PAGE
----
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Shared experience

Three generations of family affected by type 1 diabetes

“If I met the scientists behind the insulin technology I would honestly give them the biggest high five in the world!”

Dannie on her wedding day in an official wedding photo with her dad and daughter

Dannie O’Connor was diagnosed with type 1 diabetes at 4 years old. Now at age 31 she has been living with the diagnosis for 27 years. Dannie’s daughter Sophie aged 5 and father Alistair are also living with the condition. Alistair was diagnosed 11 years after Dannie, and Sophie was diagnosed shortly after she started nursery.


Dannie’s earliest memory from being diagnosed was hiding under a hospital bed.

“I was hiding under a hospital bed with the blankets all wrapped around me and waiting for the nurses to come in and do my injection. At that time it was syringes and drawing up the insulin so the needles looked humongous. That was my first and very clearest memory of being diagnosed with type 1 at that age. But it never leaves.”

When Dannie’s dad Alistair was diagnosed later on, he already had 10-11 years experience of type 1. Dannie says:

“Anybody would think it was easier, he has got that experience. But it wasn’t. He was an adult and used to doing things in certain ways and he had to totally change again. It was different from my experience because he straight away went onto 4 insulin injections daily and carb counting. I think for him it was probably harder than for Sophie and I being diagnosed.”

When Sophie was first diagnosed, Dannie remembers sitting in the doctors surgery feeling her whole world had crumbled:

“It’s like a brick hitting you in the face. I instantly started crying and blaming myself. I was so sorry for her and the life that she was going to lead. All the emotions just run through your head in that split second but literally about 30 seconds later it was like no wait a minute we’ve got this we can do this, we’re going to be fine.”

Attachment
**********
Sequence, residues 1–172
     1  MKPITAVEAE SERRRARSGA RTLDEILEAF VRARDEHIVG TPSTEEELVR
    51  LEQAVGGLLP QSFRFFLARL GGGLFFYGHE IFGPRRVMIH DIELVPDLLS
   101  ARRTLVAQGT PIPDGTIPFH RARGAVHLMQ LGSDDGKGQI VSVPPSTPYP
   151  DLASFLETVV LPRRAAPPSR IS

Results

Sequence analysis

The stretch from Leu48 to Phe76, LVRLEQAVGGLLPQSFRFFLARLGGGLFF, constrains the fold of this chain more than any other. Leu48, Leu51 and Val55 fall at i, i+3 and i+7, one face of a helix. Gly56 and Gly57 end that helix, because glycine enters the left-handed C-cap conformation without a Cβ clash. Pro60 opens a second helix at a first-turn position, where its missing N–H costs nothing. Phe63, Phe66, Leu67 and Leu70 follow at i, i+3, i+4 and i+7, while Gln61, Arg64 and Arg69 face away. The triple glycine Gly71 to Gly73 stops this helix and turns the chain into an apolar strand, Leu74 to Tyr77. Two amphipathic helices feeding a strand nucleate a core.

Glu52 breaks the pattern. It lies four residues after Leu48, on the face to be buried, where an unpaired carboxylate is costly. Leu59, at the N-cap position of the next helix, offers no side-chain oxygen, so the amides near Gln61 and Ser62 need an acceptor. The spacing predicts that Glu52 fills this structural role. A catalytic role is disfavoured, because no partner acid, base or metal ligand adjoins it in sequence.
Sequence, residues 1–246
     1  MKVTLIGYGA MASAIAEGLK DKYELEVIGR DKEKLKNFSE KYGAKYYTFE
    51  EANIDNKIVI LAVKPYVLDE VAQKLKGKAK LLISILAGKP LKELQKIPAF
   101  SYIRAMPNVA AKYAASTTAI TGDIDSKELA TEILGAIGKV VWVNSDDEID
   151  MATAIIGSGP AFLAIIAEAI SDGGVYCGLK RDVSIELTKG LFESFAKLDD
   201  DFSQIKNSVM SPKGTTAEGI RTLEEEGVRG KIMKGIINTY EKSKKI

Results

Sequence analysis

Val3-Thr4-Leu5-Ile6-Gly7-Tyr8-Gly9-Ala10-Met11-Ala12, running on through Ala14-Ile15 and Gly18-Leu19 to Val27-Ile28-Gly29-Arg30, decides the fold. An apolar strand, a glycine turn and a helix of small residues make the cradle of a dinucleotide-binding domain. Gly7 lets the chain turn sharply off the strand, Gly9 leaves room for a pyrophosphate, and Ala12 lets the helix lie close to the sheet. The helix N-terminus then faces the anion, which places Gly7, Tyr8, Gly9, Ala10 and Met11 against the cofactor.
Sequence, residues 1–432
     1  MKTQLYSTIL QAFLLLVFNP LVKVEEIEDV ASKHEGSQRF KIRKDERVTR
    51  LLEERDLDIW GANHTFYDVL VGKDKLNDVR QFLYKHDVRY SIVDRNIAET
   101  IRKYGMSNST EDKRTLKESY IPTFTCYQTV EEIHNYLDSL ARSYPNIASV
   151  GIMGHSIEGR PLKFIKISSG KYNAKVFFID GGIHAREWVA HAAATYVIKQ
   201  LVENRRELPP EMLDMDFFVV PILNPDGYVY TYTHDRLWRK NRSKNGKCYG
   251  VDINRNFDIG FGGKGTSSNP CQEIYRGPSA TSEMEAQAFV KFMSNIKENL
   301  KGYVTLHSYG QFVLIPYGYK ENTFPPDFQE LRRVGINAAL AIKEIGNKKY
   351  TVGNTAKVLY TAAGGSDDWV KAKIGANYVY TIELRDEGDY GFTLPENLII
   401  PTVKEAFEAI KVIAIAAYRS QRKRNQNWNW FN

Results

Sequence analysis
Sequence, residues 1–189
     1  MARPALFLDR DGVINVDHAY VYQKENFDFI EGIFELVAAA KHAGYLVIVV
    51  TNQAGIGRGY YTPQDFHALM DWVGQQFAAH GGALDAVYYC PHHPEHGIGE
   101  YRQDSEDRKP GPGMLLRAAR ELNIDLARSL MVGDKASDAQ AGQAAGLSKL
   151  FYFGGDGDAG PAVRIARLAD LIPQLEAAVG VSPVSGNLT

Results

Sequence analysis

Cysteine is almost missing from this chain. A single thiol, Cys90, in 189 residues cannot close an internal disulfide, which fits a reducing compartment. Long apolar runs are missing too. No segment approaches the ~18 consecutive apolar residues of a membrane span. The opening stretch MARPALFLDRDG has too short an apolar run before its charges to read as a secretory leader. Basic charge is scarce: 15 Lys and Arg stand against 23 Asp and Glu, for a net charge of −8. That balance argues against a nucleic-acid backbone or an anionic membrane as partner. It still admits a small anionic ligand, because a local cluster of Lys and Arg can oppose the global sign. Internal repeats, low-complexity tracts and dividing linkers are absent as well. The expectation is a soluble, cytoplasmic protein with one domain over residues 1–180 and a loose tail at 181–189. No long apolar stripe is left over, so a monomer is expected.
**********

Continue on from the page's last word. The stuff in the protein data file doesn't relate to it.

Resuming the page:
Type 1 technology

Dannie is incredibly grateful for the progress made in technology and has found it’s much easier to have a normal life because of insulin pumps, glucose monitors and mobile apps for information sharing:

“If I had this technology, when I was diagnosed like Sophie has now I think I would have had a very different upbringing and a maybe more of a normal childhood, for Sophie being diagnosed now she is having a completely different experience to what me and my dad had – which is absolutely phenomenal and actually helps me to sleep at night knowing it’s not going to be as bad for her as it was for us.

Now looking at my dad, myself and Sophie and how strong we are as people and how it has made us grow up before a lot of our peers did and what we’ve achieved, especially Sophie in her wee tiny life, you don’t blame anybody, you don’t feel you’re being picked on, it’s just one of these unfortunate things that happened and we’ve got no control over so why dwell on what could have been and just move forward and try and make you know positives from it and live as normal and happy a life as we can.

A type 1 cure for me, my dad and Sophie and the rest of our family would mean the world.

It would just make things so much easier and just give us that bit of normality that we’ve been missing all these years. You know, it’s something we’ve never had.”

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